Who does what in the 'management of language learning'? Planning and the social construction of the 'motivation to notice'
An important issue in the thinking of teachers in many second and foreign language classrooms, although often implicit, is the issue of who is going to do what — how much of the responsibility and the decision-making and work is going to be done by the teacher, and how much is going to be done by the learners? The language teaching literature also reflects this concern: the movement to learner autonomy (Benson, 2001; Riley, 1988) and learner training (O’Malley and Chamot, 1990; Wenden and Rubin, 1987) is based on the idea that it is beneficial to teach learners to take more responsibility for their own language learning. Allwright’s concept of the ‘management of language learning’ (Allwright, 1984) was originally developed with reference to this issue. When the question stated in the title of this piece — ‘who does what?’ — is examined closely, it begins to become clear that it is not in principle answerable. The process of deciding appears more and more as a dynamically evolving interaction, with constantly changing rules. More appropriate questions might be: Who is expected to do what, and what happens to and results from such expectations as language classes proceed? How does the negotiation of who is supposed to do what evolve? What are the factors and constraints that affect the process of negotiation?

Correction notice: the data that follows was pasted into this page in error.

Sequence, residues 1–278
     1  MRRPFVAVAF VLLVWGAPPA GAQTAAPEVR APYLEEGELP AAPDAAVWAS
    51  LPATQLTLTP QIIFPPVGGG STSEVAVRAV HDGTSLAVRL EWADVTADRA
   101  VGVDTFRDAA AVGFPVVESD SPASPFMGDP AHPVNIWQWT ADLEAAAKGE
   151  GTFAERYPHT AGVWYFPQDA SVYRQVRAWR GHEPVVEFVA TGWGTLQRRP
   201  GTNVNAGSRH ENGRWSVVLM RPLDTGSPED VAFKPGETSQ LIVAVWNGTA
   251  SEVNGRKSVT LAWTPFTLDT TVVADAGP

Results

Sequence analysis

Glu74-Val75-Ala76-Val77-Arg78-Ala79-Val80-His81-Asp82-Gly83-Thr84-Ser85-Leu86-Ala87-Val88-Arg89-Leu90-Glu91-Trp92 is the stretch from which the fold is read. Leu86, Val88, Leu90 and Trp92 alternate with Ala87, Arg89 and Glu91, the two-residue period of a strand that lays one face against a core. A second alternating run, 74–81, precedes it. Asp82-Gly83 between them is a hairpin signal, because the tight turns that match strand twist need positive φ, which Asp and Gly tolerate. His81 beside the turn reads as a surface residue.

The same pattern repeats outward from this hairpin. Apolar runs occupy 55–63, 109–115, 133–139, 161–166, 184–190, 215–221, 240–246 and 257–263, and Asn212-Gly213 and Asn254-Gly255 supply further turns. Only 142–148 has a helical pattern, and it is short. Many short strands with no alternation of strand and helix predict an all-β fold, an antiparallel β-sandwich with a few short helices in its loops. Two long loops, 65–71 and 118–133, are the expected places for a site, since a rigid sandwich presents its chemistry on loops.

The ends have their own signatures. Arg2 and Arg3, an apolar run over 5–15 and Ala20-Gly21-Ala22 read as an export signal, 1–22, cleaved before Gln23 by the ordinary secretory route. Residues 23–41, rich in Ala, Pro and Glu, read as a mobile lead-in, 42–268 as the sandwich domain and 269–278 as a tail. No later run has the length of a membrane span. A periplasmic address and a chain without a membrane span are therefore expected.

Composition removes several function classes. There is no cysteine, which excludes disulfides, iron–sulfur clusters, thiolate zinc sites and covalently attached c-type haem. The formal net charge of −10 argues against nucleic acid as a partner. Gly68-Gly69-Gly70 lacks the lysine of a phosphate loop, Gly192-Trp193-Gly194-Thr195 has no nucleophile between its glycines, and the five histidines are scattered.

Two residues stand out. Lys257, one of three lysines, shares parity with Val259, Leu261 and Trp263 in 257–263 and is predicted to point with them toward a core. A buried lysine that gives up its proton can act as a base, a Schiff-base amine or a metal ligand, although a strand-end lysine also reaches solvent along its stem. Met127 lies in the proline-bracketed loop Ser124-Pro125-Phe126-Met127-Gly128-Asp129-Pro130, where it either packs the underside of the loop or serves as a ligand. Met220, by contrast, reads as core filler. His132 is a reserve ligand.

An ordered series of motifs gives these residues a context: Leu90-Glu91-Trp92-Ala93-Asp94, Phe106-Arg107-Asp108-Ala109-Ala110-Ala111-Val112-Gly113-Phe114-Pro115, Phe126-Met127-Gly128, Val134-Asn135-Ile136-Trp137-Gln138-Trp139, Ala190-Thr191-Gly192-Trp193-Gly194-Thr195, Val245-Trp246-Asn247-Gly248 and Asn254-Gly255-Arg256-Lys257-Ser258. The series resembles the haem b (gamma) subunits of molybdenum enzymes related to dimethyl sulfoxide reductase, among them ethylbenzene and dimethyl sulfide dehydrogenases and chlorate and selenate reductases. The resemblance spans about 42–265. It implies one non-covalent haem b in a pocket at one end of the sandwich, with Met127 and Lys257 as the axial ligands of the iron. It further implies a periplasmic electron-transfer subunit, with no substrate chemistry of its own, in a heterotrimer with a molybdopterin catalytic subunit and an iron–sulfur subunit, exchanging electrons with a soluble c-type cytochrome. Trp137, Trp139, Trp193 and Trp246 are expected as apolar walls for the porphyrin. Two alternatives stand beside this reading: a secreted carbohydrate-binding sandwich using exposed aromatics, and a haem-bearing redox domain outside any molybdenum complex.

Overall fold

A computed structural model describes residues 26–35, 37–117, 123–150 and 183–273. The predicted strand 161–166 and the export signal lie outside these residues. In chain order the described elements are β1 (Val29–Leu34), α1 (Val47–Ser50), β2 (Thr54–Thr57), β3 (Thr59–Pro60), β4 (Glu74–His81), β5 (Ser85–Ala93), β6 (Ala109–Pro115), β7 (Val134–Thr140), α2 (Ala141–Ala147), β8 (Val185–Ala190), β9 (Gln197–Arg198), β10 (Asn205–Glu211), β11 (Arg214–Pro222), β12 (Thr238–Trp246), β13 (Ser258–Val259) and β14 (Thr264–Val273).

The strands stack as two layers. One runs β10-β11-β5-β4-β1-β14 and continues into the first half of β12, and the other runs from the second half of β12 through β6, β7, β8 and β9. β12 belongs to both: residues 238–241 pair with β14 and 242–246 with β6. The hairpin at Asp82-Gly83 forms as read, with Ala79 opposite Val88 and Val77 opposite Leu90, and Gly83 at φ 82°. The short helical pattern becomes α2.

|Keywords||Language Learning, Language Acquisition, Language Teaching, Teacher Cognition, Learner Teacher|
Woods, D. (2005). Who does what in the 'management of language learning'? Planning and the social construction of the 'motivation to notice'. In Understanding the Language Classroom (pp. 88–114). doi:10.1057/9780230523166